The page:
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Title: De novo synthesis of milk triglycerides in humans

item MOHAMMAD, MAHMOUD - Children'S Nutrition Research Center (CNRC)
item SUNEHAG, AGNETA - Children'S Nutrition Research Center (CNRC)
item HAYMOND, MOREY - Children'S Nutrition Research Center (CNRC)

Submitted to: American Journal of Physiology - Endocrinology and Metabolism
Publication Type: Peer Reviewed Journal
Publication Acceptance Date: 2/3/2014
Publication Date: 4/1/2014
Citation: Mohammad, M.A., Sunehag, A.L., Haymond, M.W. 2014. De novo synthesis of milk triglycerides in humans. American Journal of Physiology - Endocrinology and Metabolism. 306(7):E838-E847.

Interpretive Summary: Breast milk fat consists of 98% triglycerides and provides nearly half of the energy needs of the infant. The triglyceride molecule is composed of three fatty acid molecules bound to a glycerol backbone molecule. Fat is metabolized differently based on the size of the fatty acid molecule. Short and medium chain sized fatty acids (equal to or less than 14 carbons) compared to longer ones (equal to or more than 16 carbons) are absorbed directly, rapidly burned and induce more satiety. Milk triglycerides contain fatty acids that are derived from three sources: synthesis within the mammary gland, dietary lipids, and body fat stores. In animals, mammary gland fat synthesis contributes significantly to milk fat depending on the animal species and its diet composition. However, very little is known regarding these processes in humans. In the present study, we developed a technique that measured the incorporation of 13C from [U-13C]glucose into specific milk and blood fats which are newly synthesized triglycerides within the breast. We studied healthy women following an overnight fast and during feeding of either a high fat diet or a high carbohydrate diet. This study demonstrated that the human mammary gland is capable of synthesizing fat of the medium and short forms and this is affected by the composition of the diet of the mother. Therefore, it is possible to modify the composition of human milk lipid to fit with the needs of the infant through changes in mother’s diet.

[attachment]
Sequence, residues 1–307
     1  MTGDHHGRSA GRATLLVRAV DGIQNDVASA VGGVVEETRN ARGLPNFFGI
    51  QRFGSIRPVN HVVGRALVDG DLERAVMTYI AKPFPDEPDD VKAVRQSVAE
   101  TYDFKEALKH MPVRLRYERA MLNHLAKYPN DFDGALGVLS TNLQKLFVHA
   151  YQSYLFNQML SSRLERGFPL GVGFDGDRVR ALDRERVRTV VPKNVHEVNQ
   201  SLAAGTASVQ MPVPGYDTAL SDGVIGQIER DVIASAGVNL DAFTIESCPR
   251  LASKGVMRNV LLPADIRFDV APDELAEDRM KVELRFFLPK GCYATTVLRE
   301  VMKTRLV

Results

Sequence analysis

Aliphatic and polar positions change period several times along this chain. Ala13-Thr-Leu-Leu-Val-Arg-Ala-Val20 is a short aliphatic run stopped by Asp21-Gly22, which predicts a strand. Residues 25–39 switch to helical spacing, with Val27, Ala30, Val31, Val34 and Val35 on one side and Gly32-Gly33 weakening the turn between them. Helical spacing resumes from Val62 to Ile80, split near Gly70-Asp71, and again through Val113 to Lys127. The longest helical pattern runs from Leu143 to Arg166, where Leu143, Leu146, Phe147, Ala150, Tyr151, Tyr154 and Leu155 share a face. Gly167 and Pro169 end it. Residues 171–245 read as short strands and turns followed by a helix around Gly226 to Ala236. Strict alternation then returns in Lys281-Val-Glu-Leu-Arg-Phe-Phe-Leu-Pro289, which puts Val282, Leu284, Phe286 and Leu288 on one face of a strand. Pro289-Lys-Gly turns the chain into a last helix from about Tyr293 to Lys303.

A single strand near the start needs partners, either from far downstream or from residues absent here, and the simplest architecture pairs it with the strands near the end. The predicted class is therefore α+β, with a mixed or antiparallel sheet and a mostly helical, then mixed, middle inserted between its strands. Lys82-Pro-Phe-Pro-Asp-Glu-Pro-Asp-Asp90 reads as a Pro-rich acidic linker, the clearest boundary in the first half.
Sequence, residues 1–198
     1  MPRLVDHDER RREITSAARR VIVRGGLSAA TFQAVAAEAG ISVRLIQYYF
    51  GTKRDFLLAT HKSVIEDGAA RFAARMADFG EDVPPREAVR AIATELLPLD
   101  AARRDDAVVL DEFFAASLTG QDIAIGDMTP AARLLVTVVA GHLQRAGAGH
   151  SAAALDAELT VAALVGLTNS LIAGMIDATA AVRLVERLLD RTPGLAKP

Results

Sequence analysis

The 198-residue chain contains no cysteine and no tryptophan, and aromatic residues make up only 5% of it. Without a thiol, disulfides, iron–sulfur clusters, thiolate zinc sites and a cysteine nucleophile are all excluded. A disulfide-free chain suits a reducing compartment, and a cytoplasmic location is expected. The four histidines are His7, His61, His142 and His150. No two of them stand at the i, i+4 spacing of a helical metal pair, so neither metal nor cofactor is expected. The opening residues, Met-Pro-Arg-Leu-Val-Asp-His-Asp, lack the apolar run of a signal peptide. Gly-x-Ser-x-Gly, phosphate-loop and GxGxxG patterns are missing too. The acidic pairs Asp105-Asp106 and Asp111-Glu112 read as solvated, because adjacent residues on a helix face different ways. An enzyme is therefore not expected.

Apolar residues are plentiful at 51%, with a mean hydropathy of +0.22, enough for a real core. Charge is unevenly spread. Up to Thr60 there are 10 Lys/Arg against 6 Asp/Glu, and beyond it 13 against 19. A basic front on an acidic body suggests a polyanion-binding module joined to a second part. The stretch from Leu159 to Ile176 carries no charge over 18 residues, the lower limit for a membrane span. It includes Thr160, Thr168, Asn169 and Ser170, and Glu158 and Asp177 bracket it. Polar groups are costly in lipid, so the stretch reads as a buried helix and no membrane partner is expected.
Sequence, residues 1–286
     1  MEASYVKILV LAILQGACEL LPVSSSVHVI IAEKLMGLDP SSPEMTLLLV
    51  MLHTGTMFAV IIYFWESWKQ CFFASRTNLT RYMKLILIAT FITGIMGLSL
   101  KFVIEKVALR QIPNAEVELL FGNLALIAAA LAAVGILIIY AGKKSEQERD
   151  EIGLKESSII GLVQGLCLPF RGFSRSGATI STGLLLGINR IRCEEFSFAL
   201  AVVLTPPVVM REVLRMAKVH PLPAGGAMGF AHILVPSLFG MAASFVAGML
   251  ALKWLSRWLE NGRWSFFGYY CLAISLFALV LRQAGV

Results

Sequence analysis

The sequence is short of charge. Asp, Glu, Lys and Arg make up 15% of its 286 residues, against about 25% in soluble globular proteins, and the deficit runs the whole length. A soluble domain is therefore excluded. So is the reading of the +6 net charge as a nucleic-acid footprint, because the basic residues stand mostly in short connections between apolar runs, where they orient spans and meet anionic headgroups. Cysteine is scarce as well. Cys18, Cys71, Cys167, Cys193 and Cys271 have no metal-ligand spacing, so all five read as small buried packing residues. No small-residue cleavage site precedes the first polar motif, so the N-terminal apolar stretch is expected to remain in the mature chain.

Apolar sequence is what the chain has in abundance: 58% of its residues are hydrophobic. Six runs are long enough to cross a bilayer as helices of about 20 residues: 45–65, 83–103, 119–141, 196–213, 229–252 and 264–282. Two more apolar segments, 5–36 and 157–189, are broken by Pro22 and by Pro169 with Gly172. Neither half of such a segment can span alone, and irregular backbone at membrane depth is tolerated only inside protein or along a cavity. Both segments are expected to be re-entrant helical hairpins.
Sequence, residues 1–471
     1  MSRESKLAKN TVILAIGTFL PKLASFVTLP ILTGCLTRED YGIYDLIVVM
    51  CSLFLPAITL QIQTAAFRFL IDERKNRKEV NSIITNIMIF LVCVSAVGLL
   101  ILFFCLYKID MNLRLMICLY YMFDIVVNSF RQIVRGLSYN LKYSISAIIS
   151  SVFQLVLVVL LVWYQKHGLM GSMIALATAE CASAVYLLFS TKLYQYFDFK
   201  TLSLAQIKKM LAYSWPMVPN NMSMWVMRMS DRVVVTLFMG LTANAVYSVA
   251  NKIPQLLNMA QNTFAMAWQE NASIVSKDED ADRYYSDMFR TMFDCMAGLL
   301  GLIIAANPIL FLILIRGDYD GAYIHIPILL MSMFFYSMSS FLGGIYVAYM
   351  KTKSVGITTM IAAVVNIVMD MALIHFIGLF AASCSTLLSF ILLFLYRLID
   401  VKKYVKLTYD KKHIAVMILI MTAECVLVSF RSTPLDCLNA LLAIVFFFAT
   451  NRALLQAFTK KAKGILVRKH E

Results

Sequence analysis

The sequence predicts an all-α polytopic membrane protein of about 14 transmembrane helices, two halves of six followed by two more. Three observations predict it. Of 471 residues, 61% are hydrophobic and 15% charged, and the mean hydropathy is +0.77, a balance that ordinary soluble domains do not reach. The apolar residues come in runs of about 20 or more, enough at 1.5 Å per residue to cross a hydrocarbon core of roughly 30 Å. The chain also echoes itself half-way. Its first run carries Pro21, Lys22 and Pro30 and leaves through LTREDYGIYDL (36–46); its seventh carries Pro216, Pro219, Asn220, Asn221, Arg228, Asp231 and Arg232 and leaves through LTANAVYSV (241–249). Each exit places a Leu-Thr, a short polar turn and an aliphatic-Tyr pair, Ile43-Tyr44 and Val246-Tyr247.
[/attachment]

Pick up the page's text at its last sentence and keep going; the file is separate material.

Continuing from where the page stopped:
Technical Abstract: Mammary gland (MG) de novo lipogenesis contributes significantly to milk fat in animals but little is known in humans. Objective: To test the hypothesis that the incorporation of 13C carbons from [U-13C]glucose into fatty acids (FA) and glycerol in triglycerides (TG) will be greater: 1) in milk than plasma TG, 2) during a high-carbohydrate (H-CHO) diet than high-fat (HFAT) diet, and 3) during feeding than fasting. Seven healthy, lactating women were studied on two isocaloric, isonitrogenous diets. On one occasion, subjects received diets containing H-FAT or H-CHO diet for 1 wk. Incorporation of 13C from infused [U-13C]glucose into FA and glycerol was measured using GC-MS and gene expression in RNA isolated from milk fat globule using microarrays. Incorporation of 13C2 into milk FA increased with increased FA chain length from C2:0 to C12:0 but progressively declined in C14:0 and C16:0 and was not detected in FA>C16. During feeding, regardless of diets, enrichment of 13C2 in milk FA and 13C3 in milk glycerol were ~3- and ~7-fold higher compared with plasma FA and glycerol, respectively. Following an overnight fast during H-CHO and H-FAT diets, 25 and 6%, respectively, of medium-chain FA (MCFA, C6–C12) in milk were derived from glucose but increased to 75 and 25% with feeding. Expression of genes involved in FA or glycerol synthesis was unchanged regardless of diet or fast/fed conditions. The human MG is capable of de novo lipogenesis of primarily MCFA and glycerol, which is influenced by the macronutrient composition of the maternal diet.